1. Ivan the Distressing
Tsar Ivan Vasilievich the Terrible, 1897 by Victor Vasnetsov. Provenance: State Tretyakov Gallery
Ivan the Terrible (1530-1584) is call to minded in Russian history not only as a harsh ruler who fought against feudal fragmentation and combined the nation, but also as a ruler with a record number of wives. Historians are not in the cards as to the exact number – three, or possibly four, of his marriages were conceded by the Orthodox Church. In addition, Ivan had three more de facto brides with whom he did not have a church wedding, not to mention numerous odalisques.
There are numerous reports of Ivan’s lust for young women, and Prince Kurbsky, who fled Russia to Lithuania, accused the czar of what he tell ofed as “Aphrodite’s sins.” Ivan did not deny it, instead admitting in his letters rearwards to Kurbsky that he was “unable to control his flesh,” and “we are all human.”
Ivan the Rotten and Vasilisa Lelentyeva, by Grigory Sedov. Source: State Russian Museum
Brides for Ivan the Grave were selected from all over the country and each time he neediness a new bride up to 1,500 noble ladies were brought to Moscow for the tsar to pick out. Most of his wives, however, did not live with Ivan for long. The two exceptions were his word go two wives – Anastasia Zakharyina-Yuryeva, and Maria Temryukovna.
Ivan mated Anastasia more than all his other wives, and they spent 13 years together. His coupling to Maria lasted eight years. Ivan believed that both handmaidens were poisoned by rebellious boyars. In general, most of Ivan’s helpmates met unfortunate endings. They either died young – Anastasia was not multitudinous than 30 when she took her last breath, while Maria uncommitted her days at about 25 – or they ended their days in an Standard convent.
Finally, it’s worth mentioning that Ivan once pursued the hand of England’s Queen Elizabeth, the Virgin Queen. However, historians assume trust to it had more to do with his plans to form a military alliance with England than any candid amorous feelings.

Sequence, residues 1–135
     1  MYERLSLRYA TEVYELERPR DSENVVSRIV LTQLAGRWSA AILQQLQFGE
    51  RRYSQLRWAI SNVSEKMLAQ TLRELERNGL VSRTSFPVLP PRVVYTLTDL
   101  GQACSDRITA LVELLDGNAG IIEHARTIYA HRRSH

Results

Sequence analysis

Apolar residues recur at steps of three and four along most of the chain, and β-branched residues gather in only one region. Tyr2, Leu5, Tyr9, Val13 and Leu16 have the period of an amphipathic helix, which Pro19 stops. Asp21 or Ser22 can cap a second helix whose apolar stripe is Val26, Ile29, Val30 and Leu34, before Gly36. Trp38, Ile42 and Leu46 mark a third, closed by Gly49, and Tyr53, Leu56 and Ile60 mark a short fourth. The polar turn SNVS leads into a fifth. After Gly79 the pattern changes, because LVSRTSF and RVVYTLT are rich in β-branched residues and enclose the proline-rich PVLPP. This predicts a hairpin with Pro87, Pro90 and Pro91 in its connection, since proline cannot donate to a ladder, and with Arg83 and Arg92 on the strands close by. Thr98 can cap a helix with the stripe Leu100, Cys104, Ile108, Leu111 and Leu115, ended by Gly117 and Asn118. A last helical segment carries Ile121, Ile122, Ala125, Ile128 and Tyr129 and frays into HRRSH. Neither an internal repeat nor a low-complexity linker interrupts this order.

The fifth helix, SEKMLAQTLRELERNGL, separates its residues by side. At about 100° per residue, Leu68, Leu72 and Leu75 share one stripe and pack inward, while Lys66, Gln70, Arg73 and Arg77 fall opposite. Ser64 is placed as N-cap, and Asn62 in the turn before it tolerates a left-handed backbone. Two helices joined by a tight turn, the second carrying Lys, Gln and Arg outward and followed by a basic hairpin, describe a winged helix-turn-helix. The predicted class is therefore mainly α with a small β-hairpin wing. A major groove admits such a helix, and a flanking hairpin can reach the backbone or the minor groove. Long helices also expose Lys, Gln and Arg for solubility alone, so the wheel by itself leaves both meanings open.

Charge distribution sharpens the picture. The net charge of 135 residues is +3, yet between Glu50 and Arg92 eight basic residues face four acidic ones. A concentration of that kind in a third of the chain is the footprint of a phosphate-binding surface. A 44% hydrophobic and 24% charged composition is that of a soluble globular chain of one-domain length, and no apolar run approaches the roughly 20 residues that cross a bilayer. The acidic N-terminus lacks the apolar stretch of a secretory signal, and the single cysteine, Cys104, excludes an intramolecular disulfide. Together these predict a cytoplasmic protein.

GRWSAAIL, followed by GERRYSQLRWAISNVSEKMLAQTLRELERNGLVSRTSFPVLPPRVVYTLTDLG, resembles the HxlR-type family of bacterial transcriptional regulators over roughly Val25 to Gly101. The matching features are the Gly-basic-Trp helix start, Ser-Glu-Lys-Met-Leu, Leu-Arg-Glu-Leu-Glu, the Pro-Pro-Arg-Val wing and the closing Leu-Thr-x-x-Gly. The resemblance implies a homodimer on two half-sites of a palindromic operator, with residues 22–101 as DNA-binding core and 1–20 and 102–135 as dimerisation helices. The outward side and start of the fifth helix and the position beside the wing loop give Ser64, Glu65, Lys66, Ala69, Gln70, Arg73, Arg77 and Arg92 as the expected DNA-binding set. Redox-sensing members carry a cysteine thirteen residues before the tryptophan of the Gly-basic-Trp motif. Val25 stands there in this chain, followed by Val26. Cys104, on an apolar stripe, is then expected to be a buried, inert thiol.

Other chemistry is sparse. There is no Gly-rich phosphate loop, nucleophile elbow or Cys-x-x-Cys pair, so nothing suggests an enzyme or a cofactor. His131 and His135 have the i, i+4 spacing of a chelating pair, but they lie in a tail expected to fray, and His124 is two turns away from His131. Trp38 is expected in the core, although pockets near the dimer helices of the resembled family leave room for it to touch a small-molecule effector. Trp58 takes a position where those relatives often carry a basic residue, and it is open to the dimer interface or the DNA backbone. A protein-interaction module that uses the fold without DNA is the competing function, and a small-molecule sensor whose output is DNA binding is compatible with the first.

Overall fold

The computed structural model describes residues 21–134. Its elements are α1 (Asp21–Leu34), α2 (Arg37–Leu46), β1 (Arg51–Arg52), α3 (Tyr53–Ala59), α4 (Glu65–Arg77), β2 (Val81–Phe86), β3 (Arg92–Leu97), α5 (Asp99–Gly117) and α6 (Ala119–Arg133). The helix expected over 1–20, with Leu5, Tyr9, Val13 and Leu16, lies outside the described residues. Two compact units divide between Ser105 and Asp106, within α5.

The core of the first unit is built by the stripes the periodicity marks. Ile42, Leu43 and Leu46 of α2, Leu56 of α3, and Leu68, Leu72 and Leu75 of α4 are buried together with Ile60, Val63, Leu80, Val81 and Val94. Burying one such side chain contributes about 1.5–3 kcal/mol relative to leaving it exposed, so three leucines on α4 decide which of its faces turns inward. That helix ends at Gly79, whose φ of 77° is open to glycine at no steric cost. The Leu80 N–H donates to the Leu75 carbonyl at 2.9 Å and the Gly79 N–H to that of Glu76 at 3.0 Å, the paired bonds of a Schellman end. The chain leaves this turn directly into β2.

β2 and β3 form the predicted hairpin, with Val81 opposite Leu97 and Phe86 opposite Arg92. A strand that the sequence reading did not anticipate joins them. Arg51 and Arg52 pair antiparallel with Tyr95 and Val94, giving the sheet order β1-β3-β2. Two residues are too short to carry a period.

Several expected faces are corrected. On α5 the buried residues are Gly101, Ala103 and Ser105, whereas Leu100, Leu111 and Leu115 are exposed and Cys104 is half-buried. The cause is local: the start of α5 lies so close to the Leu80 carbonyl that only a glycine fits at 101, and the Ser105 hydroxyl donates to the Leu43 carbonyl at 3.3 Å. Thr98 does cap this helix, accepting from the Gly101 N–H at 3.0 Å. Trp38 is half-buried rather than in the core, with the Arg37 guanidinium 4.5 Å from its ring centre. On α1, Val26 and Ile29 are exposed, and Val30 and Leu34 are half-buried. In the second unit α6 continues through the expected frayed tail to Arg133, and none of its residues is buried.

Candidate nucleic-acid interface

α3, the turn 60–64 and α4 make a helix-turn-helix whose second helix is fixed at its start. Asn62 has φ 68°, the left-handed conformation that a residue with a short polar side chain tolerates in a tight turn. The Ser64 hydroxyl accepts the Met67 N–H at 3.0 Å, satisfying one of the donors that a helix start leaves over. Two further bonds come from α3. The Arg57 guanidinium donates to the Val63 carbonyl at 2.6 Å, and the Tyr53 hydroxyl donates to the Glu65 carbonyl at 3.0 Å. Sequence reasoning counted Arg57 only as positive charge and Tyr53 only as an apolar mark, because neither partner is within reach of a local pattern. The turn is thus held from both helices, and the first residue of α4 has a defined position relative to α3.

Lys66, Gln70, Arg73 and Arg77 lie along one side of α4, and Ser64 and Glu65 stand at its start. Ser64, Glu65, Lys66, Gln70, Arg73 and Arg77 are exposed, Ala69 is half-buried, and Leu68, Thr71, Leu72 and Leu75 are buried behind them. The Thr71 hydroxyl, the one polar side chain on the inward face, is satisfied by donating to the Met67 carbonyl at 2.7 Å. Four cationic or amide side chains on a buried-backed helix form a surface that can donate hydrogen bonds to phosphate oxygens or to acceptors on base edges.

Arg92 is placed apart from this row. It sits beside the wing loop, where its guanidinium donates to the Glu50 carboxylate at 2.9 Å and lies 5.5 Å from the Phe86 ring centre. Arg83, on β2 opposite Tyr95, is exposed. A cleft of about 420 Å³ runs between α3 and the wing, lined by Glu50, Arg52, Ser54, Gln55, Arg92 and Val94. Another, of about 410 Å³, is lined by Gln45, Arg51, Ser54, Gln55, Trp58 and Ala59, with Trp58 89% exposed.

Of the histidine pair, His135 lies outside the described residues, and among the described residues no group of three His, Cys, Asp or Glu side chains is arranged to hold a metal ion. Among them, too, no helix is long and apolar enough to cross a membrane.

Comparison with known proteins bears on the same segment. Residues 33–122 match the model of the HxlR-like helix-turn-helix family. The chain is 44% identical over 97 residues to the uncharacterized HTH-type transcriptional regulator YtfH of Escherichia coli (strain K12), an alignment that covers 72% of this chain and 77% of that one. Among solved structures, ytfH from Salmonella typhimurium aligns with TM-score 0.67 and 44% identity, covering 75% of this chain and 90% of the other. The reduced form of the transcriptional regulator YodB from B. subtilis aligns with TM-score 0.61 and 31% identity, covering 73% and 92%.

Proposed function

2. Peter the Great
Peter the Great, 1717, by Jean-Marc Nattier. Inception: The Munich Residenz
The most extraordinary Romanov tsar, Peter the Influential (1672-1725), also had a busy love life, with a few better halves and numerous affairs. His contemporaries recalled, “His Majesty was fond of the fair sex,” and the tsar’s lover for his two wives was great. That said, his love for his first wife, Eudoxia Lopukhina, whom Peter amalgamate when he was 17, did not last long. “Their love was considerable but it ended only a year,” people close to Peter wrote.
Peter’s moods for his second wife, Marta Skowrońska (1684-1727), were far stronger. Marta developed up an orphan in the household of a local Lutheran pastor in a Baltic town that’s now in modern-day Latvia. During the war with Sweden, Peter’s army was triumphant and as part of the spoils of war Marta became mistress to a junior Russian dick. She then worked her way up the ranks to become mistress to Field Marshal Sheremetev, and then co-signed the household of a close associate of the czar, Alexander Menshikov, through whom she was upped to Peter the Great. In 1711, the charming and beautiful Marta became Peter’s trouble, and is known to history as Empress Catherine I.
Portrait of Catherine I, wife of Peter the Huge. By Jean-Marc Nattier. Source: State Hermitage Museum
There are through 150 letters from Peter to his empress that survive to the give out present day. “Katerinushka, my dear friend; good day to you! I hear you miss me. Admirably, I miss you too! However, we can reason that affairs of the state come triumph,” the czar wrote in one letter.
At the same time, Peter’s love for Catherine did not hamper him from having numerous affairs. The empress knew of them, but was dexterity. In the final years of his life Peter was ready to break up with Catherine and join in matrimony the daughter of a Moldovan prince, Maria Kantemir. Yet, it’s believed that the Czarina’s cockers in Peter’s inner circle managed to thwart those plans.
3. Catherine the Enormous
Portrait of Catherine the Great as a Lawgiver in the Temple of the Goddess of Justice, beginning 1780s, by Dmitry Levitsky. Source: State Tretyakov Gallery
The palm of conquest on the love front among Russian rulers goes to Catherine the First-rate (1729-96). Court rumors attributed numerous amorous deeds to her, and the number of her lovers is believed to be well over 20 during her 34-year precept.
Some of these relationships lasted years, while others were passing. Her longest love affair was with Grigory Orlov, a dashing and valorous officer. He was her favorite for over 10 years, and there was even supposition that Catherine wanted to marry him but was dissuaded.
Portrait of Duke Zubov, by Johann Baptist Lampi the Doyen. Source: State Tretyakov Gallery
Another of Catherine’s soul buddies was Prince Grigory Potemkin, one of the most prominent statesmen of the repeatedly, who is credited with adding Crimea to the Russian Empire. Potemkin extended to have influence on the Empress even after he stopped sharing her bedroom. Historians be convinced of that he even selected his ‘successors.’
The ageing Catherine’s last favorite, Platon Zubov, was not a Potemkin protégé, still. On the contrary, he was instrumental in ending the all-powerful prince’s influence. Catherine tired the last seven years of her life with Zubov, and was seriously in intended with the man even though she was more than 35 years his elder.
As Alexandre Dumas wrote, Catherine the Great was not only mistress to her favorites, but also their queenly.
Read more: When sparks fly – 5 legendary Russian couples of the lifestyle 100 years